“Whether you are asked: ‘How is it, Master Gotama: is suffering created by oneself?’ or ‘Is it created by another?’ or ‘Is it created by both?’ or ‘Is it created by neither?’ in each case you say: ‘Not so, Kassapa.’ When you are asked: ‘How is it then, Master Gotama: is there no suffering?’ you say: ‘It is not that there is no suffering, Kassapa; there is suffering.’ When asked: ‘Then is it that Master Gotama does not know and see suffering?’ you say: ‘It is not that I do not know and see suffering, Kassapa. I know suffering, I see suffering.’ Venerable sir, let the Blessed One explain suffering to me. Let the Blessed One teach me about suffering.”

    “Kassapa, [if one thinks,] ‘The one who acts is the same as the one who experiences [the result],’ [then one asserts] with reference to one existing from the beginning: ‘Suffering is created by oneself.’ When one asserts thus, this amounts to eternalism. But, Kassapa, [if one thinks,] ‘The one who acts is one, the one who experiences [the result] is another,’ [then one asserts] with reference to one stricken by feeling: ‘Suffering is created by another.’ When one asserts thus, this amounts to annihilationism. Without veering towards either of these extremes, the Tathāgata teaches the Dhamma by the middle: ‘With ignorance as condition, volitional formations [come to be]; with volitional formations as condition, consciousness…. Such is the origin of this whole mass of suffering. But with the remainderless fading away and cessation of ignorance comes cessation of volitional formations; with the cessation of volitional formations, cessation of consciousness…. Such is the cessation of this whole mass of suffering.’”

  • SN 12.25 - Bhūmija

    “Ānanda, when there is the body, because of bodily volition, pleasure and pain arise internally; when there is speech, because of verbal volition, pleasure and pain arise internally; when there is the mind, because of mental volition, pleasure and pain arise internally—and with ignorance as condition.

    “Either on one’s own initiative, Ᾱnanda, one generates that bodily volitional formation, conditioned by which pleasure and pain arise internally; or prompted by others one generates that bodily volitional formation, conditioned by which pleasure and pain arise internally. Either deliberately, Ānanda, one generates that bodily volitional formation, conditioned by which pleasure and pain arise internally; or undeliberately one generates that bodily volitional formation, conditioned by which pleasure and pain arise internally.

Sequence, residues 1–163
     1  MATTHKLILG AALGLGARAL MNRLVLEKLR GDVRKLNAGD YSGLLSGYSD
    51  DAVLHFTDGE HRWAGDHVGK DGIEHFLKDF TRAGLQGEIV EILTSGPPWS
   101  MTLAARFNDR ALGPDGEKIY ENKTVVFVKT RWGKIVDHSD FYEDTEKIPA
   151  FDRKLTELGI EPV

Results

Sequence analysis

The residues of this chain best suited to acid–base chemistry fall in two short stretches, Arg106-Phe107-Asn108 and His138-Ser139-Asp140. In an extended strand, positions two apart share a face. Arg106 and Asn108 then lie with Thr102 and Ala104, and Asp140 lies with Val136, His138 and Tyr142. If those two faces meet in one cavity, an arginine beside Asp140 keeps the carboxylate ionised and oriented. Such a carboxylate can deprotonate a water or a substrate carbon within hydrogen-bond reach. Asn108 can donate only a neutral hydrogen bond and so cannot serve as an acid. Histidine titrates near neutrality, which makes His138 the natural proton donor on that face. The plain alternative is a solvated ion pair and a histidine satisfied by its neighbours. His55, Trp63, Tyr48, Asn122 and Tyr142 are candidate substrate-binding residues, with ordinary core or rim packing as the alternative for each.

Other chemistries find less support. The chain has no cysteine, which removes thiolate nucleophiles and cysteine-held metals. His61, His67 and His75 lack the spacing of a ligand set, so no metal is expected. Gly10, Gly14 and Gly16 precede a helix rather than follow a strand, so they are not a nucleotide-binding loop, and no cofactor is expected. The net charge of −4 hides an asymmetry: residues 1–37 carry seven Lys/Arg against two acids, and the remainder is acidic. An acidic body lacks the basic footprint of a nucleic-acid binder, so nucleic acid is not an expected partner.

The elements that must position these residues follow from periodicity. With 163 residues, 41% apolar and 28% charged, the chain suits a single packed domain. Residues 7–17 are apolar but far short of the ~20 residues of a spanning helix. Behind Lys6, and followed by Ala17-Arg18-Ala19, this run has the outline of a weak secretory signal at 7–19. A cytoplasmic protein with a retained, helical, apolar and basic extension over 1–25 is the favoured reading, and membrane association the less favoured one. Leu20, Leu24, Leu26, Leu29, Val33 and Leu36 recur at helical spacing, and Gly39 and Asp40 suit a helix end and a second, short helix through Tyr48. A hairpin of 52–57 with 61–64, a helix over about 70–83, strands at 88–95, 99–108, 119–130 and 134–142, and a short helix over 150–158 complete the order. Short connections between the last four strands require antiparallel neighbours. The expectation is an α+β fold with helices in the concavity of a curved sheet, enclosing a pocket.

“Either on one’s own initiative, Ānanda, one generates that verbal volitional formation, conditioned by which pleasure and pain arise internally; or prompted by others one generates that verbal volitional formation, conditioned by which pleasure and pain arise internally. Either deliberately, Ānanda, one generates that verbal volitional formation, conditioned by which pleasure and pain arise internally; or undeliberately one generates that verbal volitional formation, conditioned by which pleasure and pain arise internally.

    “Either on one’s own initiative, Ānanda, one generates that mental volitional formation, conditioned by which pleasure and pain arise internally; or prompted by others one generates that mental volitional formation, conditioned by which pleasure and pain arise internally. Either deliberately, Ānanda, one generates that mental volitional formation, conditioned by which pleasure and pain arise internally; or undeliberately one generates that mental volitional formation, conditioned by which pleasure and pain arise internally.

    “Ignorance is comprised within these states. But with the remainderless fading away and cessation of ignorance that body does not exist, conditioned by which that pleasure and pain arise internally; that speech does not exist, conditioned by which that pleasure and pain arise internally; that mind does not exist, conditioned by which that pleasure and pain arise internally. That field does not exist, that site does not exist, that base does not exist, that foundation does not exist conditioned by which that pleasure and pain arise internally.”

Other References:

  • My favorite Dhamma Talk on Metta: “Lovingkindness Metta”, by Ajahn Brahm. (Note: link expires Mar 15th, 2021)
  • ~3300 Dhamma Talks (for you to recursively download, link expires March 15, 2021)